Smoothie books

I walked up Kingston’s mean main street the other day with Jenny on her heelies to buy her a fruit smoothie, so naturally persuaded her to drop in on British Bookshops (previously known as Sussex Stationers) en route. Jenny recognises the Kingston danger zones, and knows that this is the only one between our house and the fruit smoothie stand, so she tolerated my request.

As usual, I am amazed by British Bookshops’ (as I must now call it) marketing speed and prices. John Connolly’s Book of Lost Things was the featured paperback right by the door at £3.99, billed already as the Times book group selection (as of the day before, so pretty quick off the mark, assuming no prior knowledge). Although I told myself I would not read another John Connolly after the disappointment of The Black Angel, on flicking through it, I was tempted. Then there was a big shelf of new hardbacks at half price: the latest Mary Higgins Clark (a favourite of mine) at £9.99 (list price £17.99, Amazon price £11.87), Nikki French (ditto) at £7.99, Lee Child at £8.99, quite a few at £6.99 and so on. Next was a vast shelf of latest paperbacks, mostly at £3.99. I did manage to tear myself away without buying anything, mainly because of the impatience of my companion, but also because of my three-figure TBR pile at home.

Library of Congress blog

The Library of Congress has just celebrated its 207th birthday with its first-ever public blog. The Library of Congress has long been a pioneer and leading provider of online content, with a website that makes 22 million digital items available at the click of a mouse and receives 5 billion hits per year. The LOC’s blogger is Matt Raymond, director of communications. He’s already picked up on the Dilbert pointy-headed boss’s blog, which has been making me smile for the past few days. There is lots of serious stuff there too, I write hastily.

Where next for newspapers?

From the WSJ (23 April):
"Even with all the grim news the newspaper industry has faced in recent years, publishers have consoled themselves that they have a lifeline. If they could switch content away from print and onto the Internet — bringing advertisers with them — they could save their businesses. Last week, that lifeline began looking frayed. New York Times Co. warned Thursday that online advertising growth this year won’t be as strong as the 30% it had projected. On the same day, Tribune Co. reported that the growth rate for first-quarter interactive revenue was sharply lower than a year earlier. "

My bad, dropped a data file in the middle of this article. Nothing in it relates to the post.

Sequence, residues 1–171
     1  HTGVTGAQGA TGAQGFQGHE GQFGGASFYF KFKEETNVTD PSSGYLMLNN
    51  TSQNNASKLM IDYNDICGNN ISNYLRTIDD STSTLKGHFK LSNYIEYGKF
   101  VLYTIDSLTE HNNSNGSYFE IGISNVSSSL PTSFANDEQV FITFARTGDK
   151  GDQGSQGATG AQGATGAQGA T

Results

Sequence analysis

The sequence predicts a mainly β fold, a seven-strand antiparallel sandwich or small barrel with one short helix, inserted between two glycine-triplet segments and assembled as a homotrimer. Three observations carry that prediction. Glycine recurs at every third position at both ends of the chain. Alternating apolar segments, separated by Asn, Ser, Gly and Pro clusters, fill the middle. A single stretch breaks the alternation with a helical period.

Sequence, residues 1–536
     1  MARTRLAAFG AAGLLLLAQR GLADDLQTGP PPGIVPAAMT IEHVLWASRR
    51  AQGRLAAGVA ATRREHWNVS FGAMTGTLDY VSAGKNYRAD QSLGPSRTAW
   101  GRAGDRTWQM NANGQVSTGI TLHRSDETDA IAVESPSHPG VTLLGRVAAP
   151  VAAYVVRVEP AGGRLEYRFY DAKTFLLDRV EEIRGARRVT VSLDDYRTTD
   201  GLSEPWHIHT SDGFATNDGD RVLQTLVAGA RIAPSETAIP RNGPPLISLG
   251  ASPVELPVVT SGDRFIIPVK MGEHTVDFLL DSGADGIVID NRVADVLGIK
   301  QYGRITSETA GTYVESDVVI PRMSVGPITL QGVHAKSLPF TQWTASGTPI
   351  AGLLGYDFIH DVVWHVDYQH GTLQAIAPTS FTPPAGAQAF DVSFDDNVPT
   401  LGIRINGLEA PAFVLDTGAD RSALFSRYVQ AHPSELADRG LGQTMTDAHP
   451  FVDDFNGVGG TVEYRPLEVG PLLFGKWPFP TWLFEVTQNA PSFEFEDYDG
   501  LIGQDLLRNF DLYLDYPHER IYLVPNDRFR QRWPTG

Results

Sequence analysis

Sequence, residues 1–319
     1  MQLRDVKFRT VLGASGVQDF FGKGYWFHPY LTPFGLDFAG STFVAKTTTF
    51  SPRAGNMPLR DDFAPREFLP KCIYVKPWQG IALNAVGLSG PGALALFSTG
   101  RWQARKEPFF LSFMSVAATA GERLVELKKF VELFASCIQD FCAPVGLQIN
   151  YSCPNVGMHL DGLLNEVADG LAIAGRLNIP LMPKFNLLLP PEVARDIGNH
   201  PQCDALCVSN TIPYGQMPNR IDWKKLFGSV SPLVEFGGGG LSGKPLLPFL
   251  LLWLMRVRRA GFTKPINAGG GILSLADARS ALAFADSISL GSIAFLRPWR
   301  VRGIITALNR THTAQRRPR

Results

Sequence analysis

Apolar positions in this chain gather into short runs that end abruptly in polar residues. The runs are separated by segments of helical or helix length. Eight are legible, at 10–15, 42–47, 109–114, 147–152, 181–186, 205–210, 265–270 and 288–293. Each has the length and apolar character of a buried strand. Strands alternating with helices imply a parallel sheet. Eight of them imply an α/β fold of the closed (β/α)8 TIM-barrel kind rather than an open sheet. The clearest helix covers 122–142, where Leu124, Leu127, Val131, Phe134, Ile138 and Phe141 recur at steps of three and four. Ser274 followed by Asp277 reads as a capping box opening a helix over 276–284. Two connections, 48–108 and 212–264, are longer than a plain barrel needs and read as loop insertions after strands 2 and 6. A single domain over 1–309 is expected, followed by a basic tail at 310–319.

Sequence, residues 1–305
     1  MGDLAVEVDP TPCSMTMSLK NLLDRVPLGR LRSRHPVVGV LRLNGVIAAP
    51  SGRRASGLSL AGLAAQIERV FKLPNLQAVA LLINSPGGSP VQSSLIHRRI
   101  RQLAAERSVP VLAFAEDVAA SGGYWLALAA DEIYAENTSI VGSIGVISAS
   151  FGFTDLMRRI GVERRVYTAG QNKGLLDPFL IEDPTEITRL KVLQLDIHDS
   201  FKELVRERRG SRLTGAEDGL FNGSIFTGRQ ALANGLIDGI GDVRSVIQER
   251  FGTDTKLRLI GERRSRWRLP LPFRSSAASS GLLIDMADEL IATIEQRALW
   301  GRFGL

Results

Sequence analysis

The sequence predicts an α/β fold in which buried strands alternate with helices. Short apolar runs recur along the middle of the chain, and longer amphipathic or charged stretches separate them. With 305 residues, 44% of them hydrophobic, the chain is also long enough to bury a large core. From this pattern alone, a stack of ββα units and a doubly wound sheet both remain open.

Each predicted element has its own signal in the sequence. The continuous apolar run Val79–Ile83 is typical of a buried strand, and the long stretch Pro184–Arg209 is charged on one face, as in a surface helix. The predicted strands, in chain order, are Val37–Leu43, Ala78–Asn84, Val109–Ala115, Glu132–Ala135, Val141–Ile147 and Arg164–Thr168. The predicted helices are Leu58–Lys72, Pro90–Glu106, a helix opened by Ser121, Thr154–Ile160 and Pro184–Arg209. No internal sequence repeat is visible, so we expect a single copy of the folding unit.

Although the Washington Post and others have yet to report for the first quarter, there seems to be general agreement among analysts that there is a trend, exacerbated by recent acquisitions and figures from Google and Yahoo. " Underlining this pressure is a shift under way within Internet advertising. The ad formats that have so far proved strongest for newspapers — banner ads, pop-ups and listings — are losing ground to formats such as search marketing. Ad buyers say automotive, entertainment, financial-services and travel companies — all major newspaper advertisers in print and online — are aggressively shifting dollars into search marketing." 

But Google and Yahoo may clean up here also, as they gain contracts to provide search on publishers’ websites.

 

Ocado video recipies

I’ve been using Ocado, the online delivery arm of Waitrose supermarket, ever since day 1. I’ve only just noticed, however, that the Ocado website features videos of recipes and, I presume, how to cook them. If you are someone who, unlike me, has time and inclination to cook "properly", it might be worth checking out, as the recipes certainly sound nice — and based on my experience of those Waitrose recipe cards that you pick up when you actually go round the supermarket in person (long-ago days!), the end results will be good. I like the idea of watching the recipe video, then ordering the ingredients and having them delivered, all from the comfort of one’s own desktop. (Only theoretically, in my case, of course!) Some examples of the videos on offer:

  • Bangers with grainy mustard or horseradish mash
  • Children’s pizzas
  • Parma ham wrapped figs with raspberry dressing and a dolcelatte and rocket salad
  • Gremolata lamb rack with Hasselback potatoes
  • Butternut Squash Soup
  • Mediterranean Vegetable Lasagne